"When the navy sends their elite, they send the SEALs. When SEALs send their elite, they send SEAL Team Six, the navy's equivalent to the army's Delta Force --- tasked with counterterrorism and counterinsurgency, occasionally working with the CIA. This is the first time a SEAL Team Six sniper's story has been exposed. My story."
Thus begins SEAL TEAM SIX, a stunning and timely memoir written by former elite Navy SEAL sniper Howard E. Wasdin, along with Stephen Templin. The opening paragraph above starts Wasdin's story and how he grew up to become the top sniper in the military's most elite and respected group. From the very first page, Wasdin brings you deep inside his experiences and the mindset he had while training for the military. He was a natural to the sniper role --- able to become one with the ground and part of the dirt, and remain hidden from enemy view in order to get off a critical shot that could make or break that particular skirmish.
Wasdin states that the sniper tries to avoid looking directly at the target. It's amazing that his skills were so finely honed that he could hit any target without even making direct eye contact. The book jumps early between Wasdin's military training and his childhood. He describes going through Hell Week, a boot camp where the motto was "Train the best, discard the rest." Unfortunately, Wasdin's early years were not much different. Abandoned by his birth father, he was raised by a tough mother and her live-in boyfriend --- soon to be his new stepfather. Leon was a disciplinarian who was especially hard on him, making for a not-so-peaceful home life. It's easy to see how this upbringing toughened Wasdin up and prepared him for the extreme tests that the rest of his life had in store for him.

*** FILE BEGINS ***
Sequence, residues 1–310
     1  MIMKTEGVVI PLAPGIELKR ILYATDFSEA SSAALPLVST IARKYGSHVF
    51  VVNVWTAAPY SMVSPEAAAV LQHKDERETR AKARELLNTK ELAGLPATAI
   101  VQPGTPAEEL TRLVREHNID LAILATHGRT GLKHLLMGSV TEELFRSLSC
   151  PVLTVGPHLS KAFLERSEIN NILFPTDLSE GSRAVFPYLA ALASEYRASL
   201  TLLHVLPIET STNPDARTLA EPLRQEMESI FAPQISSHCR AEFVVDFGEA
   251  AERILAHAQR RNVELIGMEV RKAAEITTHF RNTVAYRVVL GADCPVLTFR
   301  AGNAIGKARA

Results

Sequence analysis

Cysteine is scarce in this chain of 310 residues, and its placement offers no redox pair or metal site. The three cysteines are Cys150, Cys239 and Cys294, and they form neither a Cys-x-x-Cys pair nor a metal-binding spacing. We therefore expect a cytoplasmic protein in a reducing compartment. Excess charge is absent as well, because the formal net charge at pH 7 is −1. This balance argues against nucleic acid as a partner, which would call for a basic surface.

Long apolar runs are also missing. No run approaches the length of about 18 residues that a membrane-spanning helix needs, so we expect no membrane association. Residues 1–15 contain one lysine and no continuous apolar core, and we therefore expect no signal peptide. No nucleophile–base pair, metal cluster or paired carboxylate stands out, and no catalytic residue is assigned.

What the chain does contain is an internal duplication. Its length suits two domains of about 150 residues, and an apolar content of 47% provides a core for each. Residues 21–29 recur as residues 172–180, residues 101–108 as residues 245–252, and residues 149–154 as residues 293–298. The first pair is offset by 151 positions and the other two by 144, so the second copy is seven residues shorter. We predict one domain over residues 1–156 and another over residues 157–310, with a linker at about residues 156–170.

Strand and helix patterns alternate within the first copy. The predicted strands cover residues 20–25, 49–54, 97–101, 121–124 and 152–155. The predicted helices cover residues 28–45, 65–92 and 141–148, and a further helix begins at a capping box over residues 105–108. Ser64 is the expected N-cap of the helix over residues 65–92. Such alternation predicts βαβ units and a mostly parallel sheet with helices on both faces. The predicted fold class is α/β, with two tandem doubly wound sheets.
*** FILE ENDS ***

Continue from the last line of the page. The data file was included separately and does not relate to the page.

The SEALs were a special brotherhood of soldiers who were proud of the fact that none of their kind was ever taken prisoner, and they vowed always to leave no man behind. Wasdin takes his role in the SEALs extremely seriously, and curiously enough he does not have kind words for former SEAL turned author Richard Marcinko, who he and his fellow SEALs all feel exploited their experiences for Marcinko's own personal gain.
In Sniper School, Wasdin was taught the mantra "The more you train in peace, the less you bleed in war." While he had his wartime opportunity with experience during Operation Desert Storm, this was nothing compared to the big event that nearly cost him his life. The SEAL Team Six group was called into the Battle of Mogadishu to take on a rebellious and out-of-control village of Somalians who had captured and killed some Black Hawk pilots who had been shot down over their village. This was the same battle so brutally portrayed in the Ridley Scott film Black Hawk Down. Wasdin's telling of this fight depicts a horrific and chaotic mess where even his team of elite fighters was taken by surprise.
They perform heroically and make a difference in rescuing one of the downed pilots. Unfortunately, Wasdin also suffers two vicious gunshot wounds to each of his legs. His biggest fear is that he is going to have a leg amputated. He fights hard while the hospital in Germany to where he was flown tries to put him under and prepare him for potential life-saving surgery.
SEAL TEAM SIX tells a great saga about a highly determined and patriotic man who gave his all for his country and continues to pay it forward by helping people with his chiropractic practice. I cannot say enough good things about this very well-told and thoroughly engaging memoir.
Reviewed by Ray Palen on May 16, 2011